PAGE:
January 17, 2016
Contact: Lindsay Meiman, (347) 460-9082
Environmentalists Looking for Climate to Be a Priority in Democratic Debate
During final pre-primary debate, Democratic candidates must amplify climate justice agendas
Charleston, SC — Environmentalists are urging debate moderators and candidates to make climate and energy issues a priority in tonight’s debate.
While climate and energy related issues have made headlines over the past few months, with record breaking extreme weather events and disasters like the Porter Ranch methane leak making headlines, debate moderators have all but ignored the issue. According to a report from Media Matters, moderators have asked more than ten times as many non-substantive questions, many about the trivial horserace of the election, than they have about climate change. Even when debate moderators did ask about climate change, the framing was often inaccurate or dismissive.
A serious debate about climate and energy issues could reveal important distinctions between the three Democratic candidates for President. On Friday, President Obama announced a new moratorium on all new coal leases on public lands, spelling the end of the coal mining in the United States. Democratic candidates Bernie Sanders and Martin O’Malley have already called for a full ban on fossil fuel extraction on public lands. Clinton has yet to take a firm public position, and some activists worry that the candidate’s positions may be influenced by her connections to the fossil fuel industry.
Senators Sanders and O’Malley have both pledged to refuse all donations from the fossil fuel industry, while Clinton has made no such pledge. The former Secretary of State claims she is unaware of the $150,000 in donations from the industry to her campaign and has vowed to look further into said donations. Since then, Clinton has not taken any public stance on the industry, illustrating her clear lag on climate justice issues relative to her fellow Democratic rivals.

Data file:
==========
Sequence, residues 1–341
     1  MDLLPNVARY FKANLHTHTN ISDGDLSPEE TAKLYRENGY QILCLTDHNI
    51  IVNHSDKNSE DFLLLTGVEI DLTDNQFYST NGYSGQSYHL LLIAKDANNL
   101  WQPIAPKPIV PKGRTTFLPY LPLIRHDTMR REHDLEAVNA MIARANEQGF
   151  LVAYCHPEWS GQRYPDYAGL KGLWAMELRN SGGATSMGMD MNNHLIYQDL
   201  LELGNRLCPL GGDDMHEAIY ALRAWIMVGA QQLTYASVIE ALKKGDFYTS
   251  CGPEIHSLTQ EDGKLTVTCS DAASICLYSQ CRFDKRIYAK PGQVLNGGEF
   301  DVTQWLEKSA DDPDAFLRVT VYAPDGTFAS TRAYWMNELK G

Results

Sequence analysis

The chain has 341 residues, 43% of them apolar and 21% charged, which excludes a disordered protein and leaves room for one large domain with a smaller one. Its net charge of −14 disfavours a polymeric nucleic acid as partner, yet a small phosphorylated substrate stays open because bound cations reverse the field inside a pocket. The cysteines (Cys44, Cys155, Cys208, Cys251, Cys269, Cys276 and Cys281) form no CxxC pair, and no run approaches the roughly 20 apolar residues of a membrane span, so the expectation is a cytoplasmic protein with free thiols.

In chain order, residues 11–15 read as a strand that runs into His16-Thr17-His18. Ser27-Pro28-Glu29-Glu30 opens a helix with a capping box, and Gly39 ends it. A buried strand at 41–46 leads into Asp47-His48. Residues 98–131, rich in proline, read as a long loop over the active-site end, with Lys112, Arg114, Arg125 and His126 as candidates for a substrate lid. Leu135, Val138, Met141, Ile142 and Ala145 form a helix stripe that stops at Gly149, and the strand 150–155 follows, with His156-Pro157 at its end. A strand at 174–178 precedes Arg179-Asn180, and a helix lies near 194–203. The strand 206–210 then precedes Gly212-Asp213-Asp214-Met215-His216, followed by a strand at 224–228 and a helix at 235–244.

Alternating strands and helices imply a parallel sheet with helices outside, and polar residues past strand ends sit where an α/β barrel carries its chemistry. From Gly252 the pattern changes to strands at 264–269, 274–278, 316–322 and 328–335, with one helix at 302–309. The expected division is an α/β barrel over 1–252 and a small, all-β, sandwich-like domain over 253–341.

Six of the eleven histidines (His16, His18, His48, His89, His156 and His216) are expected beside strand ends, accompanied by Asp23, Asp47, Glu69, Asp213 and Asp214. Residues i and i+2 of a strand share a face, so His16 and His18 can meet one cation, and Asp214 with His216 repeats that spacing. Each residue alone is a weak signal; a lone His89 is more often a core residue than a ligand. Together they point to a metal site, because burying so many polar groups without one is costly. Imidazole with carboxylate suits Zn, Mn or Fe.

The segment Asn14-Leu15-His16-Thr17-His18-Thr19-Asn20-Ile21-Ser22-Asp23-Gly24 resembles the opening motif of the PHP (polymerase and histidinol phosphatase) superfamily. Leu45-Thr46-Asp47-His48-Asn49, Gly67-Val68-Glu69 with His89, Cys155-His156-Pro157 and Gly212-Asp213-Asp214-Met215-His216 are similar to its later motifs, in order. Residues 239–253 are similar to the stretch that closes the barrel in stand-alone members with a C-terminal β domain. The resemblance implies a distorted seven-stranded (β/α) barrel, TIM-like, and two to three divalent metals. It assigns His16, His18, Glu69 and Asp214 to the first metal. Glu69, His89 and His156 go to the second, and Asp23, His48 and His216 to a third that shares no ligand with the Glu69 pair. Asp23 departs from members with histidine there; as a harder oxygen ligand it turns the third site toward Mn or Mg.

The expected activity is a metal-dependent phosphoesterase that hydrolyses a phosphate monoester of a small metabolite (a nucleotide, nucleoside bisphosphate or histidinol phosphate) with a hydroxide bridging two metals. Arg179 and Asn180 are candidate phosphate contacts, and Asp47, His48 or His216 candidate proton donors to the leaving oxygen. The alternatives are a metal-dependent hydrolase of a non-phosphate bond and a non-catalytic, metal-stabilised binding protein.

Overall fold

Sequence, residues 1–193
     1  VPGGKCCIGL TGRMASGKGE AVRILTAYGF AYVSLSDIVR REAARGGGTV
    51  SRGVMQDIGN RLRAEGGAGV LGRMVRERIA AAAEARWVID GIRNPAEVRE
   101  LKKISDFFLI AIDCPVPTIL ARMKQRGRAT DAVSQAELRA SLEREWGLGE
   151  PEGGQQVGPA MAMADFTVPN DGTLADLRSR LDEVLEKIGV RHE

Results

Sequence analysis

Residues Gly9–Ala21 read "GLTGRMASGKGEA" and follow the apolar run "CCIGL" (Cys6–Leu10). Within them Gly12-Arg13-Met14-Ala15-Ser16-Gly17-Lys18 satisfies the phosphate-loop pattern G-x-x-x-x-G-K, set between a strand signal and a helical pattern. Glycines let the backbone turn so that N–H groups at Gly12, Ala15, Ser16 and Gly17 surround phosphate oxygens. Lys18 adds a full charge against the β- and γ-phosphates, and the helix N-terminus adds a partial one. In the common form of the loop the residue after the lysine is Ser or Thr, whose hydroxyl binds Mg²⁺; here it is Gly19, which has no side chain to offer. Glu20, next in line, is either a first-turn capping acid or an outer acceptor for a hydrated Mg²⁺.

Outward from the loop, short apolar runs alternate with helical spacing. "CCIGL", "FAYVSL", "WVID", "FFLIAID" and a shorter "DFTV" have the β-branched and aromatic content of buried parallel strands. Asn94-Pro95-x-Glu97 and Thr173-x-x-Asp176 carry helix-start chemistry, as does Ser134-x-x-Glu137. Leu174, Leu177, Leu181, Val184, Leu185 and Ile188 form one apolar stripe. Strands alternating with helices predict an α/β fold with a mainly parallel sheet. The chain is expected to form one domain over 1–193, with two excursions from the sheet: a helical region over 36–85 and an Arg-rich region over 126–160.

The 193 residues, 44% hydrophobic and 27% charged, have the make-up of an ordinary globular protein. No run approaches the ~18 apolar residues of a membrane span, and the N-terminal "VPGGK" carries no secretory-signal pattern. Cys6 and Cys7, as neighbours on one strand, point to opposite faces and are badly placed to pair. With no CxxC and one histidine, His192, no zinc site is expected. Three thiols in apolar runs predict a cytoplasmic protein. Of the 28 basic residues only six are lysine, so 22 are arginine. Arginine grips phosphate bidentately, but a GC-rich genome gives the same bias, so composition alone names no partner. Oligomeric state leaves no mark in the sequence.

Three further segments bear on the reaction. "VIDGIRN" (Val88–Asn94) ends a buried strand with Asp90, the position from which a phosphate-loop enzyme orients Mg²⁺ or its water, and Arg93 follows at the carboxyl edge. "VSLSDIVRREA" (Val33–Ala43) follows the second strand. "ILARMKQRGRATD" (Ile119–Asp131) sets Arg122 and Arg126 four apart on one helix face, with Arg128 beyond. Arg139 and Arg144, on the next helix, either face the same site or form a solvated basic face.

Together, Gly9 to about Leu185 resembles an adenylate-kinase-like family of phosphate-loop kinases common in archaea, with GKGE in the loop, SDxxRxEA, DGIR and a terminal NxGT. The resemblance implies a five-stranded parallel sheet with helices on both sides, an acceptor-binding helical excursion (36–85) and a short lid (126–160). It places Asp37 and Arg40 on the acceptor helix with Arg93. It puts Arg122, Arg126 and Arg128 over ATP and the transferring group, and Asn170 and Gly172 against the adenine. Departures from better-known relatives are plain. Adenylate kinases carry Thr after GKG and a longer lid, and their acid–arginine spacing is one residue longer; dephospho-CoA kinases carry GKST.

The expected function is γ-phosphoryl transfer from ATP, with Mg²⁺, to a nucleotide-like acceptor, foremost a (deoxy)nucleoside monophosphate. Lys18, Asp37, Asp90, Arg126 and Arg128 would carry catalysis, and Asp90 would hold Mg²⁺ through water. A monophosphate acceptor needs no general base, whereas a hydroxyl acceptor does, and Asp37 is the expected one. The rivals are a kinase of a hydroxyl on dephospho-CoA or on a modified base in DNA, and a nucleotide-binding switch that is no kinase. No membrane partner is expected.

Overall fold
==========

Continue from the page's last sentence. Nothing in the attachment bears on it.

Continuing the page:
“Clinton recently said that ‘environmental justice can’t just be a slogan — it has to be a goal.’ If she truly believes that, this is her opportunity to prove it,” said Yong Jung Cho, Campaign Coordinator with 350.org. “She vowed to look into fossil fuel industry donations to her campaign, but has yet to do so. She’s still tiptoeing on issues around fossil fuel extraction on public lands. The next leader of our country needs to lay out exactly how they plan to keep fossil fuels in the ground and prove that climate justice is a goal.”
Meanwhile, the Porter Creek disaster has shined a harsh spotlight on the dangers of aging natural gas infrastructure and has revitalized concerns around the impact fracking has on communities and the climate. Sanders supports a fracking ban, while Clinton has avoided commenting directly on the issue. Environmentalists have expressed concern over her record of promoting fracking around the world during her tenure at the State Department.
“As the worst environmental disaster since the BP oil spill continues to unfold just outside of Los Angeles, it is more urgent than ever for the next leader of our country to stand up this rogue industry,” said Cho.
Offshore drilling could also be a subject for discussion in tonight’s debate. While an industry-conducted poll found that South Carolinians support offshore drilling, every single municipality along the state’s coast has passed a referendum against it. Last month, over 400 South Carolina businesses delivered a letter to Governor Haley, urging removal of waters off the state’s coast from consideration for offshore drilling, focusing on the threat this practice poses to the coastal economy and ecosystems.
No matter the exact tact, it’s clear that climate and energy questions could result in a substantive and rich discussion at tonight’s debate. If moderators don’t raise the important questions on the table, activists and voters certainly will in the weeks ahead.
350 Action is working in primary states to urge candidates for president to take bold action on climate change by pledging to keep fossil fuels in the ground and support a just transition to a 100% renewable energy future.